The Ten Commandments | 1956
Over 30 years after his first version, Cecil B DeMille returned to The Ten Commandments, ditching the modern day moralities to produce the peak of Hollywood mega-kitsch, which lurches wildly from hysterical camp to heart-in-mouth drama. This epic was shot largely on the Paramount lot in Hollywood, though this time there was some genuine location filming in Egypt.
First off, where’s Mount Sinai? It didn't used to be on any map. There is, however, in the Sinai massif a cluster of peaks in the south of the Sinai Peninsula, toward Sharm El-Sheik. Among these Jebel Must – the Mount of Moses – is the most popular candidate, and is now generally referred to a Sinai. And that’s where DeMille and crew turned up in October 1954. The crew stayed at Saint Catherine's Monastery (more properly, The Greek Orthodox Monastery of the God-trodden Mount Sinai) at the foot of the range.
Footage was shot for the Burning Bush scene, though the bush itself, with risible cartoon flames, was obviously filmed in the studio.
The Treasure City of Pharaoh Sethi (Cedric Hardwicke) was built at Beni Youssef near Cairo, which is also where the genuinely moving Exodus scene was staged. 10,000 Arabs playing the Children of Israel, were drafted in, along with 15,000 camels, water buffaloes, sheep, horses, oxen, goats, duck, geese, pigeons, dogs, donkeys and, of course, many cattle.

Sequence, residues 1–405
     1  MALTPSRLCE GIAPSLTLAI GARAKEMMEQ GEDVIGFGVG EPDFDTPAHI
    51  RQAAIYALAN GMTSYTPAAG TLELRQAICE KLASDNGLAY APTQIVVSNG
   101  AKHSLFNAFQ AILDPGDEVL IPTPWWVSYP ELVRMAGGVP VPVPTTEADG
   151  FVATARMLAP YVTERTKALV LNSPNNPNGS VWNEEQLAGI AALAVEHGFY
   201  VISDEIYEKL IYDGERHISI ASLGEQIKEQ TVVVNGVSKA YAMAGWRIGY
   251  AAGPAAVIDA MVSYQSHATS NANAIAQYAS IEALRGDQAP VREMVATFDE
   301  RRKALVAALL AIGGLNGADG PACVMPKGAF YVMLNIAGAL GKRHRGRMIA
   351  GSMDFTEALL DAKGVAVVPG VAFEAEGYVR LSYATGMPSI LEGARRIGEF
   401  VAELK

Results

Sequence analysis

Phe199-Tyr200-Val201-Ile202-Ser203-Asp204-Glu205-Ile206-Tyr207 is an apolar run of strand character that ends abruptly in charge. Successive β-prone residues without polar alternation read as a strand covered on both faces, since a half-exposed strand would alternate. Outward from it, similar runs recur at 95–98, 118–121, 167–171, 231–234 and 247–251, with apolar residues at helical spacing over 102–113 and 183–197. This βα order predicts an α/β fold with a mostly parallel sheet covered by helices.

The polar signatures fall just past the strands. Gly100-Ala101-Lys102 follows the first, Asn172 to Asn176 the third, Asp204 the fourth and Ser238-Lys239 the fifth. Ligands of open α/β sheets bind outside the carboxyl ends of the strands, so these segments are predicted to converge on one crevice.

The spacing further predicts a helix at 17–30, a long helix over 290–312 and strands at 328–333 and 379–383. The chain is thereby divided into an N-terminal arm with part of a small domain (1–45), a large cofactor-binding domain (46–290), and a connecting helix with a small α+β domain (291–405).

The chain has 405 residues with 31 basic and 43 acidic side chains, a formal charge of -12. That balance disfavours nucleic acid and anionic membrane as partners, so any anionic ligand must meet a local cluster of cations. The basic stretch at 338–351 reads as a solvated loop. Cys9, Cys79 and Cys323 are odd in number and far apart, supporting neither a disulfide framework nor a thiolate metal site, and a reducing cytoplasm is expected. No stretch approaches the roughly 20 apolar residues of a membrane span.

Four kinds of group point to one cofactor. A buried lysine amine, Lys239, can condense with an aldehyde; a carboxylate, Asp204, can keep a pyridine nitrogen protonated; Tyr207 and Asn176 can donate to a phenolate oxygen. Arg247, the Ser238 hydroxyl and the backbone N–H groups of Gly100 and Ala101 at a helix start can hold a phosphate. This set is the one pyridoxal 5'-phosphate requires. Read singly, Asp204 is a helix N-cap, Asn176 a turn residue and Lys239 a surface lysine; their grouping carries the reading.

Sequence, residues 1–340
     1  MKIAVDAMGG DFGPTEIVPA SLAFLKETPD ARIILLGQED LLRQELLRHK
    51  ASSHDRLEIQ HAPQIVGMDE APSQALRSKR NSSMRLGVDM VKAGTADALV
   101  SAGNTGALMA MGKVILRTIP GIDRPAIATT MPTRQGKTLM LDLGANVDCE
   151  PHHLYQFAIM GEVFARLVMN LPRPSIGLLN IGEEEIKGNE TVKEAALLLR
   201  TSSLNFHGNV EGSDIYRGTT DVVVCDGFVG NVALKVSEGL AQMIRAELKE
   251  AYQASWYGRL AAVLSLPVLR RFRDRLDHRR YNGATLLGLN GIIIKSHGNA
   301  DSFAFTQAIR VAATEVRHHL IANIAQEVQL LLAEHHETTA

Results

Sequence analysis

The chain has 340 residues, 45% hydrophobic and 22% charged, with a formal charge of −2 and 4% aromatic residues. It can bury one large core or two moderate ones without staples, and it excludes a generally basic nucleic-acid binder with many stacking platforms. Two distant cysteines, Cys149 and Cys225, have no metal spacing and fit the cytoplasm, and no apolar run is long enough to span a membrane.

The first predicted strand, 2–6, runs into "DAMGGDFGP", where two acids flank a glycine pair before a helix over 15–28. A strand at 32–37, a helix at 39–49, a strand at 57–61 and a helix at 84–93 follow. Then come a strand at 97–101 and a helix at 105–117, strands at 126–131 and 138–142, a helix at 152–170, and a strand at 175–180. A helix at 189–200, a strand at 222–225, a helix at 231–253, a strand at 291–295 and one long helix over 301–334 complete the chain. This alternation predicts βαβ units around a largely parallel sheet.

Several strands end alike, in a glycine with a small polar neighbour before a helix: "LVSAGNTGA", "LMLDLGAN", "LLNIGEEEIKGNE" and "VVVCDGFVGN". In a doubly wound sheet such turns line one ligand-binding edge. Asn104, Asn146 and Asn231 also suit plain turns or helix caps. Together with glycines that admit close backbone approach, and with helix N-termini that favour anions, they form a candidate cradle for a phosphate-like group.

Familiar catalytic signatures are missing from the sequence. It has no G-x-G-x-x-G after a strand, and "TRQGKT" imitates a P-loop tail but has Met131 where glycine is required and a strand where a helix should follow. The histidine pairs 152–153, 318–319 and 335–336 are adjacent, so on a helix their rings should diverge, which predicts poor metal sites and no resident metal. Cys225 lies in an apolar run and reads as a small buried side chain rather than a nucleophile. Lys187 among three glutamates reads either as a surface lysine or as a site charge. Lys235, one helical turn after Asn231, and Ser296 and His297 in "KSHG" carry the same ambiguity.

Yul Brynner also shot some scenes on location, chasing the Children of Israel to the Red Sea, but clearly not the banishment of Moses into the wilderness, which cross-cuts between Charlton Heston, very obviously alone on location, and Brynner, very obviously in the studio.
And you can safely ignore those over-enthusiastic tour guides who claim that The Ten Commandments was filmed at Mount Teide in the Canary Islands. It wasn't (and neither was Planet Of The Apes).